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Guest Column: What Happens If We Have a Presidential Election and No One Wins?

Guest Column by Martin Frost

Now that Robert Kennedy Jr. is in the race for President running as an independent, it is possible that on election day, no one gets the 270 electoral votes required to win. Let’s say that Biden and Trump each get 260 electoral votes, and Kennedy wins a few states with 18 electoral votes. The total number of electoral votes is 538, and Kennedy’s 18 electoral votes hold both Biden and Trump under the magic number of 270.

That’s why a large number of Kennedy family members took the extraordinary step of holding a press conference to publicly disavow their famous relative and endorse President Biden. They know that while Bobby Kennedy Jr. won’t be elected President, he could put Trump back in office.

How is this possible? It’s because of a fatal flaw in the electoral college system – electoral votes in all but two states are determined winner-take-all. Whoever receives the most votes in each of 48 of our states wins 100 percent of the electoral votes in each of these states. There is no proportional representation. If you lose any of these states with 47 percent of the popular vote and your major opponent gets 49 percent of the popular vote, he gets all of the electoral votes in each such state. Only Maine and Nebraska have different systems.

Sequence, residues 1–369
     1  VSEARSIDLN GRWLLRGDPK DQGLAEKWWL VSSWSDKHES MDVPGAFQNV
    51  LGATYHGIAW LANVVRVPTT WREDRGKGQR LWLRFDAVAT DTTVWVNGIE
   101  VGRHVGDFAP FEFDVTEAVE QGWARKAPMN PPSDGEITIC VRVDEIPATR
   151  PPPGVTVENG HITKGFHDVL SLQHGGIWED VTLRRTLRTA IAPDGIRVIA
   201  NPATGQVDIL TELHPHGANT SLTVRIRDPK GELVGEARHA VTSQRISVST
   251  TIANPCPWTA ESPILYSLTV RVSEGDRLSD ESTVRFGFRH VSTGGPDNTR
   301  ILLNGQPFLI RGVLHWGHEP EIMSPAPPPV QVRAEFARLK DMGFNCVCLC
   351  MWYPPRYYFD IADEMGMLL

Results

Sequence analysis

A third-party candidate like Kennedy could tip the electoral vote in a number of states by receiving as little as four percent of the popular vote. Independent candidate Ross Perot got 19 percent of the popular vote in 1992 but won zero electoral votes because he didn’t carry a single state.

But what happens if a candidate with a famous name like Kennedy actually carries a few small states with a total of 18 electoral votes? Bingo – no one wins.

Under our constitution, the election is then decided by the House of Representatives, with each state having only one vote. Our most populous state, California, gets one vote, but a far smaller state like Wyoming gets one vote too. The election would be decided by the new House, which takes office on January 3rd.

Republicans currently control a majority of state delegations in the House of Representatives. Many of these small state delegations are likely to remain Republican. So Trump could be elected even if the Democrats take back a majority in the House because Republicans would still control a majority of the state delegations.

Because he has a famous name and the general population knows very little about some of his bizarre positions on issues, Bobby Kennedy Jr. could throw the election to Trump either by tipping the popular vote to Trump in some states or by actually carrying some small states.  

The Biden Campaign is right to take the Kennedy campaign seriously, and the Kennedy family is making sure to deliver a direct and simple message – a vote for Bobby Kennedy Jr. is a vote for Trump.

Former Congressman Martin Frost (D-Texas, 1979-2005) was Chairman of the Democratic Congressional Campaign Committee in 1996 and 1998 and Chairman of the House Democratic Caucus from 1999 to 2002.

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